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At what point am I not being whiney?

Discussion in 'Journalism topics only' started by DeskMonkey, Aug 29, 2013.

  1. DeskMonkey

    DeskMonkey Guest

    Call it an early midlife crisis if you wish, or say I'm too old to be this emo, whatever but this is starting to get to me.

    I just reached my eighth year in the business, more than six of them in sports, nearing two at my current shop at a medium-sized paper in Big 10 country.

    The entirety of my career has been spent on desk. Now, that's not a bad thing because I'm good at layout and editing but I've long felt like the only voiceless one on staff. I worked four years at a larger paper before a layoff and I was the *only* one never given a chance to write anything. ANYthing. Despite repeated requests for a byline, I eventually was axed because, as I was told, I didn't contribute enough to content.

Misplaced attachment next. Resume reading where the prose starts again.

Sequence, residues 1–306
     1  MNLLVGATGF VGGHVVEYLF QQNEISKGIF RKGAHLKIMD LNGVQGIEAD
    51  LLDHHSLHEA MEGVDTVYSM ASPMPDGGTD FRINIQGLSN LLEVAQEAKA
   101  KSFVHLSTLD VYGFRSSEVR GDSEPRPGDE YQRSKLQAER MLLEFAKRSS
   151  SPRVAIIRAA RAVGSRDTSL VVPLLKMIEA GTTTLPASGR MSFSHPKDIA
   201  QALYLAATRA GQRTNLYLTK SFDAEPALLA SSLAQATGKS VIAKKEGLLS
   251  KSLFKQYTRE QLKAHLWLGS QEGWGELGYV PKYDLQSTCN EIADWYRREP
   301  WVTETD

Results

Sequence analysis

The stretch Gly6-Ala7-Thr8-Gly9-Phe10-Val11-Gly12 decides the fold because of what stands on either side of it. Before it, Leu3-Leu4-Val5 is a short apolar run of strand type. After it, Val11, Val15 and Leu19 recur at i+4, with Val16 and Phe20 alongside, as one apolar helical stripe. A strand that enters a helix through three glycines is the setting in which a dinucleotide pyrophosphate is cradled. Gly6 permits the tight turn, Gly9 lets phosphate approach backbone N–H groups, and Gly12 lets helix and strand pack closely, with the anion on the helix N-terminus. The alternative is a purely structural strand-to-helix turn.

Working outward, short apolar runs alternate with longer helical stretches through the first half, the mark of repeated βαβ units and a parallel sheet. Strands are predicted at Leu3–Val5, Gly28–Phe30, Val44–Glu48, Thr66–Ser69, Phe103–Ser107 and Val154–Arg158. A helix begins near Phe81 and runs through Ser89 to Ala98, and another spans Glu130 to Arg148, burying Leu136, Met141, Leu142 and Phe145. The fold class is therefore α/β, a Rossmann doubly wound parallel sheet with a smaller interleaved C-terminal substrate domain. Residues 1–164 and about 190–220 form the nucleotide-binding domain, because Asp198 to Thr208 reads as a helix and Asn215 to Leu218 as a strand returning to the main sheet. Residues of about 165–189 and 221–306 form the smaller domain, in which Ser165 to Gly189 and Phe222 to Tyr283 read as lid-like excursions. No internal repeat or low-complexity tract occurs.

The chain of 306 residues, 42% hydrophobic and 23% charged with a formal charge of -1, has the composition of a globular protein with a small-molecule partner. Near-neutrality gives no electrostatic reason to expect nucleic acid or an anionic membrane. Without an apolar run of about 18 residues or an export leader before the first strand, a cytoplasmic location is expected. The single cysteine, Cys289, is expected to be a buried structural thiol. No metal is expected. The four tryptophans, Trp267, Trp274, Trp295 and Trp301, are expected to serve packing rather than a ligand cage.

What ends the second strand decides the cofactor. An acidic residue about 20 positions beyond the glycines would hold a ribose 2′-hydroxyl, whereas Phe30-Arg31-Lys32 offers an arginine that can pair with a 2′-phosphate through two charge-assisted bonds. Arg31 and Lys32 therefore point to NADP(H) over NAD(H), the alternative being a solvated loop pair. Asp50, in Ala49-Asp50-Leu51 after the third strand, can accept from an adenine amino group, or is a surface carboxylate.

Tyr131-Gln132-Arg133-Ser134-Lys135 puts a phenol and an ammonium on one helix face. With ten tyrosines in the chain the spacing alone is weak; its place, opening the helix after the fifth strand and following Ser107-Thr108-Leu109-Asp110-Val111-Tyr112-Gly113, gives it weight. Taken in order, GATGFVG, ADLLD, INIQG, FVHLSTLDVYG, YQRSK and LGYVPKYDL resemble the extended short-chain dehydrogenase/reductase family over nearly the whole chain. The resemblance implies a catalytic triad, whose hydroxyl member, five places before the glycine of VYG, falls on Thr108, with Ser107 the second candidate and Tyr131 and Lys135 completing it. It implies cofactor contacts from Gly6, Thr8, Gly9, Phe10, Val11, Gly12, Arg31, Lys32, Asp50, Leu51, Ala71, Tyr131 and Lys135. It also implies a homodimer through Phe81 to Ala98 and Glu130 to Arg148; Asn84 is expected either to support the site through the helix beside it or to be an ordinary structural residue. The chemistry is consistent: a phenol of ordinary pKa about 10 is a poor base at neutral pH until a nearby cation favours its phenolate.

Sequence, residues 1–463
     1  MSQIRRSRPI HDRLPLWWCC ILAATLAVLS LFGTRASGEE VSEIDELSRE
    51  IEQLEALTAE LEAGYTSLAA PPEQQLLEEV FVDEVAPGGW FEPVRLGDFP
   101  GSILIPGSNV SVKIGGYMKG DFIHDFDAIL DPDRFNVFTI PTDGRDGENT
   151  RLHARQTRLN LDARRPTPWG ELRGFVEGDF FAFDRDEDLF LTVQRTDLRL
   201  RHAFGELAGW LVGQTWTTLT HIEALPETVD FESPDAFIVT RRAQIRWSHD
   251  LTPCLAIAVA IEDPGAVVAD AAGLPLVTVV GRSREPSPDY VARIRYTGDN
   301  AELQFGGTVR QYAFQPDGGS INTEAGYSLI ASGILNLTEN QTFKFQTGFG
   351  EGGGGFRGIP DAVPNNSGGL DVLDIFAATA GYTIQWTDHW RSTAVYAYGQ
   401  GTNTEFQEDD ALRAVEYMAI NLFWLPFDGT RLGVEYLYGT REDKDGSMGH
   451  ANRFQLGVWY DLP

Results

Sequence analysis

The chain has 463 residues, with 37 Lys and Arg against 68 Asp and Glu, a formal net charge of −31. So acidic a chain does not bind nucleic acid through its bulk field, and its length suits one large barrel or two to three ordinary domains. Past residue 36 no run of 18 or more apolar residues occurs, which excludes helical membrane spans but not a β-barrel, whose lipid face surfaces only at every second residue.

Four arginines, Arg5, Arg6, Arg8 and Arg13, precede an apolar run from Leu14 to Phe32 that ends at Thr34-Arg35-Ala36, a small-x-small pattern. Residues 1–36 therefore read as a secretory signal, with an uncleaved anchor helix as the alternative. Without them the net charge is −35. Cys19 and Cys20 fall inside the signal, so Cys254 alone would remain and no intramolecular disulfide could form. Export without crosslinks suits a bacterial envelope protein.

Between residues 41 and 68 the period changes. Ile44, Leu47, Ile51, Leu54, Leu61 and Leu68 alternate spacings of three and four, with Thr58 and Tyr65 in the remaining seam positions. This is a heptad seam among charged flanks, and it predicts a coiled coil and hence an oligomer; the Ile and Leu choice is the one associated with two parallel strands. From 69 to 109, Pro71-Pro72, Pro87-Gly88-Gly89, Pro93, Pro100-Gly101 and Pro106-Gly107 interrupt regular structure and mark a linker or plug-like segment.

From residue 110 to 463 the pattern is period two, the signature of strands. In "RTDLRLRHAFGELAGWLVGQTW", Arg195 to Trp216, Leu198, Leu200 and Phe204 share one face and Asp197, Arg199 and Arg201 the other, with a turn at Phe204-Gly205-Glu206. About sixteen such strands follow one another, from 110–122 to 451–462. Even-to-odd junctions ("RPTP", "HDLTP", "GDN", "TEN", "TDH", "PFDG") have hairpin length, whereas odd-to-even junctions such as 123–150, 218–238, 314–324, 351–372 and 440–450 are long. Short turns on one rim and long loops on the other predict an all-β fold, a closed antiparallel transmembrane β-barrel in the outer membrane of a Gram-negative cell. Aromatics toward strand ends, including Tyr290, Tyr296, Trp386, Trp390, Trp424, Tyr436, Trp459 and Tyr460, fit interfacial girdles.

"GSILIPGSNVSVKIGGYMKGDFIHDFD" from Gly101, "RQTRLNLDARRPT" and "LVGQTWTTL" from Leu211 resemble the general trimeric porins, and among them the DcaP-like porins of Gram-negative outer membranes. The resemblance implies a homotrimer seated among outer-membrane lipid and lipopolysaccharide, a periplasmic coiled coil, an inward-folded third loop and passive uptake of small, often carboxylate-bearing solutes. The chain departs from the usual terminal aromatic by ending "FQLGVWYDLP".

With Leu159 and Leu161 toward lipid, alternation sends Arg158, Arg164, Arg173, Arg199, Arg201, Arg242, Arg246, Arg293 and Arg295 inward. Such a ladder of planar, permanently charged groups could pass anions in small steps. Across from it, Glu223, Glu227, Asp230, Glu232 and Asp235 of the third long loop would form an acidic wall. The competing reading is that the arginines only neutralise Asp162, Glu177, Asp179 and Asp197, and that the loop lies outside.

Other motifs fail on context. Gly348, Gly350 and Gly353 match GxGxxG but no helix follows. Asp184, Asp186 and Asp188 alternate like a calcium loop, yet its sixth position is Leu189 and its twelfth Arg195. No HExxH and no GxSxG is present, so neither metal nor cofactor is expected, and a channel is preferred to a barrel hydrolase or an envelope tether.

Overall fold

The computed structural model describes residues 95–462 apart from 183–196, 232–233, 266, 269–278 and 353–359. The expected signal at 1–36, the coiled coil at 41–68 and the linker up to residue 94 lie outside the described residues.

I've been content the past few years at my current stop. But, today, while editing our college football preview, I see staff picks. From everyone but me.

    Again, I feel like the only voiceless on staff.

    It's not for a lack of speaking up and I know I'm talented enough to at least get to have an opinion on who will win Saturday's games. And it's not that I *want* to write but it'd be nice to know that my bosses feel I could.

    If this is it, I'd rather be in news because at least there I'd have somewhat more flexibility in scheduling.
  2. Gold

    Gold Active Member